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Tuesday, November 1, 2011

Target Extreme Repack: Didn't Return

Daryl Henderson left the single-A Charlotte Rangers, but he promised he'd return.

The reason he left early that August in 1993, he told The Sarasota Herald-Tribune, he didn't get along with his teammates.

"There was a lot of tension going on," Henderson told The Herald-Tribune, "I felt like I had to get away before something happened."

Henderson was in his third season as a pro. The year before, he struck out 138 batters in 156.2 innings of work at single-A Gastonia. In 1993, he struck out 81 in 92 innings, posting a 2.64 ERA.

But, whatever his problems were in 1993, he never did return. His entire career was recorded on the back of his 1994 Classic Best card, a card that was among those that came in that Target Extreme Value repack.

Elsewhere in this section was a happy future manager, the card that made me point out the pack to my wife and a World Series hero in an odd uniform.

The happy former manager was John Farrell, on his 1990 Upper Deck card. Farrell was coming off his third major league season in 1990. Farrell's Upper Deck card back noted he led the Indians in complete games and strikeouts in 1989.

In 1990, he got 17 starts, going 4-5, with a 4.28 ERA. Farrell, though, didn't return to the majors until 1993. His last big league outing came in 1996. Farrell became a big league manager in 2011, taking the Blue Jays to an 81-81 record.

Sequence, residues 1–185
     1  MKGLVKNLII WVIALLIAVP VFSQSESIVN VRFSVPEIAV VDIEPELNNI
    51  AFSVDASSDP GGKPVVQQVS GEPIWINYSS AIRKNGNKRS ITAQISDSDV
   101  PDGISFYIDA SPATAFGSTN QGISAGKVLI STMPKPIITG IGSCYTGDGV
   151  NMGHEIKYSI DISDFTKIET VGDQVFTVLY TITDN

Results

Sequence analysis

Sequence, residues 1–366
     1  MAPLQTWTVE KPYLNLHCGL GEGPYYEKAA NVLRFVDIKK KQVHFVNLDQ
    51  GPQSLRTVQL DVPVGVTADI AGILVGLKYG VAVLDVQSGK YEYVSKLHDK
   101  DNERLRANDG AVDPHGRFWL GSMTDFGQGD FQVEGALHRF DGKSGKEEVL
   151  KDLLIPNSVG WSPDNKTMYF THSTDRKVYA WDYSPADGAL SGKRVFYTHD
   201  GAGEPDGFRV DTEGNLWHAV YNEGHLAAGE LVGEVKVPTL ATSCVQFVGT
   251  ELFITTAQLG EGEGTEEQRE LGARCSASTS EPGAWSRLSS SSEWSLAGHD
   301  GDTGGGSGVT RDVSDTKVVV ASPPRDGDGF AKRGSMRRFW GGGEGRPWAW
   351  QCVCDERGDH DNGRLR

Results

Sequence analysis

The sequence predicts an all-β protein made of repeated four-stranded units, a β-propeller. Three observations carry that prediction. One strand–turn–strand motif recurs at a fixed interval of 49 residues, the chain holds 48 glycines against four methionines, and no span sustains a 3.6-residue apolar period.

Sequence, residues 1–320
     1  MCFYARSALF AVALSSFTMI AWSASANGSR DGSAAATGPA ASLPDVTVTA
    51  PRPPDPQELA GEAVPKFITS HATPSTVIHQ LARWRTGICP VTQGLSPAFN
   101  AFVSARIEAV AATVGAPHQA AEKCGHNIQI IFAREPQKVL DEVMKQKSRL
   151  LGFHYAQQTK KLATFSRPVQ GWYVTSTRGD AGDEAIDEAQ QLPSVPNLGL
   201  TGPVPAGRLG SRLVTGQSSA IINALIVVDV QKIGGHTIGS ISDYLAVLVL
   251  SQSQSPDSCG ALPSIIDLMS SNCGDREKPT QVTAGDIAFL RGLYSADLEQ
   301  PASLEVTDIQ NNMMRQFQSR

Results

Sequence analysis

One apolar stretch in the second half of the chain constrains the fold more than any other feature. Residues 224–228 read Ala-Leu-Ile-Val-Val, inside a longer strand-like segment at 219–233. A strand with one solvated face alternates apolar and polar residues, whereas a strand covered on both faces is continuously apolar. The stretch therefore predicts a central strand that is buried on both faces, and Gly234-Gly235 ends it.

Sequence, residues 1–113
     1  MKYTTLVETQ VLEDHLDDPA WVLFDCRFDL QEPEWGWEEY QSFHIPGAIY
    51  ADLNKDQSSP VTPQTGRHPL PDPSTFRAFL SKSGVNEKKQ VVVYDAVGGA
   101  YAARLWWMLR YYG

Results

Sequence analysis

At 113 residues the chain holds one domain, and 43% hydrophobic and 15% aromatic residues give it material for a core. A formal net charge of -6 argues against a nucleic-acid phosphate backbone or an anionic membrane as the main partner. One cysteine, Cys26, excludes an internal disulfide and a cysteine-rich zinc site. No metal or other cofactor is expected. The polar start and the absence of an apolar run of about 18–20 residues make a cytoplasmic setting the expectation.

This Mark Grace card was positioned at the front of the repack. This is the card that caught my attention last December, when I pointed out the repack to my wife for Christmas. As outlined in the original post on this repack, there was also a crazy sealed 2007 Topps Update pack inside.

Grace was coming off a 1988 rookie season where he hit .296 for the Cubs and came in second in the Rookie of the Year balloting. He then went on to a career that spanned 16 seasons.

Then there was this Don Larson card. It's a TCMA card from 1977, depicting Larson in an Orioles uniform. The uniform, is obviously an interesting choice for Larson, best known for his World Series perfect game with the Yankees in 1956.

In fact, that is what the back commemorates, Larson's World Series perfect game. It also notes his 81-91 career record in the regular season over 14 seasons.

There was no mention of his time actually spent with Baltimore on the back. He actually spent two seasons with the team, in 1954 and 1965, his second season a little better than his first. In his second, as a reliever, Larson posted an ERA of 2.67.

In his first, as a starter, Larson posted a 4.61 ERA in 28 starts. His record that year was 3-21.

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